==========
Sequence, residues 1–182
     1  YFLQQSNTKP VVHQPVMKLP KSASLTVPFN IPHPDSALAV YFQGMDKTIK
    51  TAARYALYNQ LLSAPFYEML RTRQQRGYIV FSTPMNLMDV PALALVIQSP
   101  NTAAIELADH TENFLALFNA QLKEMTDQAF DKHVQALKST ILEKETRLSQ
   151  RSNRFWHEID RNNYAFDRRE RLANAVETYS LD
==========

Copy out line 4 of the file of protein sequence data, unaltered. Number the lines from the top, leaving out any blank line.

   101  NTAAIELADH TENFLALFNA QLKEMTDQAF DKHVQALKST ILEKETRLSQ